I believe in anger. The Bible says there is a time for anger.” They called me “a teacher, a fomenter of violence.” I would say point blank…I’m not for wanton violence, I’m for justice.

…I believe, it’s a crime for anyone who is being brutalized to continue to accept that brutality without doing anything to defend himself.

-Malcolm X

I fucked up at watched the video of a black mother, Jacqueline Craig, being violently tasered and forcibly arrested in front of her young children, two of whom were also subjected to similar treatment.

I’ve spent the last two years avoiding videos of cops dehumanizing black folks because of the rage I feel while watching them that I have no immediate place to direct. In the video, Craig complains to piece-of-shit-cop-William-Martin of the Fort Worth Police Department that a white-neighbor-piece-of-shit (also on the scene) choked her son because he allegedly littered. Martin’s response was to criticize Craig’s parenting–”Why don’t you teach your son not to litter?”– to which she conservatively replies something along the lines of, “Get the fuck out of here.” No, actually, she responds much more thoughtfully than I imagine many of us would under similar circumstances, and explains the irrelevance of that inquiry and that children don’t always do what they’re told. This incites Martin to taze her, beat her, and pin her to the ground while her children, less than two feet away, look at the scene screaming in fear for their mother’s life. Moments later, two of her children suffer the same fate before being thrown into a police car themselves.

Videos like this, which seem to be released with increasing frequency, remind me that police are savages and prove time and again that the notion of “benevolent law enforcement” is a farce. Whole departments are a much bigger problem than individual cops. To be sure, piece-of-shit-cop-William-Martin came under scrutiny in 2013 for tasering two black boys at a high school in Fort Worth who presented no threat to his safety, yet he’s still on the streets empowered by the state to attack black folks (because we know he’s not doing this kind of thing to a white mother or white teenage girls). This POS felt so confident in his security that he actually recorded himself rabidly attacking this family and taking away video evidence, traumatizing Craig’s other children who watched their sisters and mother be victimized by the state. That’s not the behavior of a rogue cop (whatever that is); these are the actions of someone participating in something that is normalized, routine, and comfortable. Aside from the endless instances of recorded terror, countless police departments in the past several years have: come under scrutiny for having KKK members in their ranks, for referring to Blacks and Latinxs as “target practice” or bragging about terrorizing their neighborhoods and killing its residents.

In nearly all of the cases of police terror, no juries are willing to convict these cops. In fact, several remain kept on paid leave while others have been able to raise enough funds through private donations to retire. Prosecutors willing to disrupt the culture of police terror who pursue justice for Black victims are now vulnerable to legal persecution as a deterrent. Trump’s administration has made it very clear that he intends to support and enhance the violence experienced by communities of color at the hands of law enforcement. This violence isn’t new; however, it became hypervisible under President Obama, and I imagine it will continue as a normalized part of Black American life until something changes. That something, I argue, is communities taking justice into their own hands and protecting themselves against law enforcement.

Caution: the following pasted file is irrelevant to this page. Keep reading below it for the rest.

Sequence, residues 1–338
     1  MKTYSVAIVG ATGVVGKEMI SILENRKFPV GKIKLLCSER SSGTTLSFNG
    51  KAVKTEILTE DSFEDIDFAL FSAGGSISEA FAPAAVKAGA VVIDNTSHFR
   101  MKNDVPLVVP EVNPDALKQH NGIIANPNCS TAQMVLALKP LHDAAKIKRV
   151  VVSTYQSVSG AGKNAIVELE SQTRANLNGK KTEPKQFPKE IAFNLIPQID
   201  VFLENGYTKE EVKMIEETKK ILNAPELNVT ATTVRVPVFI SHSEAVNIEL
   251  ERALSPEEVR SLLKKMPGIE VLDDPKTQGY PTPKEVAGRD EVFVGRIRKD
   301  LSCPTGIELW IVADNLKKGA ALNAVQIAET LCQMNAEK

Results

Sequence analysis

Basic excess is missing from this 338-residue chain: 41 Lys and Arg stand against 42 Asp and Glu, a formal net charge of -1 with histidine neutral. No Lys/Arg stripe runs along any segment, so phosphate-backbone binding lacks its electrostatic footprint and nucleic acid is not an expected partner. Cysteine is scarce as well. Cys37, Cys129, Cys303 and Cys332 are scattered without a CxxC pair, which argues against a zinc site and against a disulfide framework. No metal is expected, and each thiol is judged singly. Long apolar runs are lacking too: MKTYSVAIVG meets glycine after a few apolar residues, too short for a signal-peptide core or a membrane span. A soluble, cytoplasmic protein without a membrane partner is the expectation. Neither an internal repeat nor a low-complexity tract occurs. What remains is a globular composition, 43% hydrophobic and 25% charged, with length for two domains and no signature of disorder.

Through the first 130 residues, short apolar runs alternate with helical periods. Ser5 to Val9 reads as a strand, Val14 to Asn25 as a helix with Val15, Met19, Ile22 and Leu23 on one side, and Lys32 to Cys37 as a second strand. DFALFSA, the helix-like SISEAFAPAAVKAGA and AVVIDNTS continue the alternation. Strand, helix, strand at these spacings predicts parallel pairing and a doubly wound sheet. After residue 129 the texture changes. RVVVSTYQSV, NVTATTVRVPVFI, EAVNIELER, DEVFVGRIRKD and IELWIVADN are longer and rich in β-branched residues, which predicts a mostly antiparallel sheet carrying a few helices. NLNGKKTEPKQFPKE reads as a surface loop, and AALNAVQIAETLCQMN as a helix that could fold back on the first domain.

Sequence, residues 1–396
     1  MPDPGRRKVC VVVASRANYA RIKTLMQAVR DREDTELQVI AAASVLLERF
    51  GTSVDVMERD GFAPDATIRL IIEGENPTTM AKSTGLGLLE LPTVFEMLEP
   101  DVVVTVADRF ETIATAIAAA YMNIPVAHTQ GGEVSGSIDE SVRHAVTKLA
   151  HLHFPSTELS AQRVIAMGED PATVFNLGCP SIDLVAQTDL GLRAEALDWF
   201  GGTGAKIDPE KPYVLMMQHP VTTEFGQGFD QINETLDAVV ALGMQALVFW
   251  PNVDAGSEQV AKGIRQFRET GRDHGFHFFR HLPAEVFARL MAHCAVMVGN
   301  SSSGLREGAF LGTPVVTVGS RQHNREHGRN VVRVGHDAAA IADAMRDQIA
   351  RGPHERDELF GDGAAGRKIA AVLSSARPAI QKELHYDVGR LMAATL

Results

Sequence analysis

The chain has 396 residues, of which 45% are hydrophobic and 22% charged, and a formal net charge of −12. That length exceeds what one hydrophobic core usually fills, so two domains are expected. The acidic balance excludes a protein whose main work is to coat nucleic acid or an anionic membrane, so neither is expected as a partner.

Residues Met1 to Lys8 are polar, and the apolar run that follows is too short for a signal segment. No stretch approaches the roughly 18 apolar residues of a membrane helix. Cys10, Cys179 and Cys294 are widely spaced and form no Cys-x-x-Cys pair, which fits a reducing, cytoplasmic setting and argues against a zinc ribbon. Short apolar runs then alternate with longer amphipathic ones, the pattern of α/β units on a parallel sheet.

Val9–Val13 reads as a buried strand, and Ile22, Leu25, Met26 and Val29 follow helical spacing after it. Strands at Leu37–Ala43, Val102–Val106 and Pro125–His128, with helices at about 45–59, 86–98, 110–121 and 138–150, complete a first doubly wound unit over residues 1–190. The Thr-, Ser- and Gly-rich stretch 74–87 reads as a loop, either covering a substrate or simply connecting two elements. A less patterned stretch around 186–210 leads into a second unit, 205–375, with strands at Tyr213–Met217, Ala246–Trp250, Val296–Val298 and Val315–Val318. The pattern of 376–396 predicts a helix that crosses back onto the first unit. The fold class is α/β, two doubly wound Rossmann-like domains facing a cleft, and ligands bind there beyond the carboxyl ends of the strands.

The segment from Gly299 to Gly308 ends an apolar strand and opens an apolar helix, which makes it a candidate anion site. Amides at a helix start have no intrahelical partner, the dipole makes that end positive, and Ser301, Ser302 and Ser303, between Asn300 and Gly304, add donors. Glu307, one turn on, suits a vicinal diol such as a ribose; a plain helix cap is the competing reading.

Ta- Nehisi Coates laid out a very well-researched case for Black folks’ entitlement to reparations for slavery, theft of land, and a host of other injustices.This is not that. My call for neighborhood justice stems most directly from the fact that law enforcement hasn’t given us any reason to believe that it will change its century-long mission of racialized terror and the present political circumstance is likely to embolden police to commit greater acts of violence against black people with less fear of juridical consequence. The justice system certainly hasn’t given us any reason to believe that it will hold police accountable for murdering black people. I’m not sure what other recourse black folks have other than to defend themselves against police violence.

Black folks are living in the most hypersegregated neighborhoods in The U.S. The challenges we face with police in the American Southwest and Southeast are sure to be different than the ones in the metropolitan Midwest and Northeast. Geographical concentration makes it easier for cops to continue their reign of terror. For survival’s sake, it is necessary to organize and develop a system for engagement with law enforcement that draws upon the collective’s strength. In an era when police state violence is so imminent for a people it’s necessary that we reconsider legality as the barometer for right and wrong actions. According to our justice system, it was legal for piece-of-shit-Michael-Slager to shoot Walter Scott in his back as he ran away, it was legal for police to murder Tamir Rice for playing, Eric Garner for selling cigarettes, Sandra Bland for not being kowtow, Rekia Boyd because the prosecution didn’t pursue the most legally specific murder charge. It’s necessary and rational to physically defend ourselves from law enforcement in these times. Organization around defense requires thoughtfulness, planning, and time. It should go without saying but this work can’t be facilitated by the state, their nonprofit arm, or cop sympathizers of any kind. Admittedly, I need education around this kind of resistance. I intend to find that support and I hope others (who aren’t already doing this work) also feel compelled to start the same process.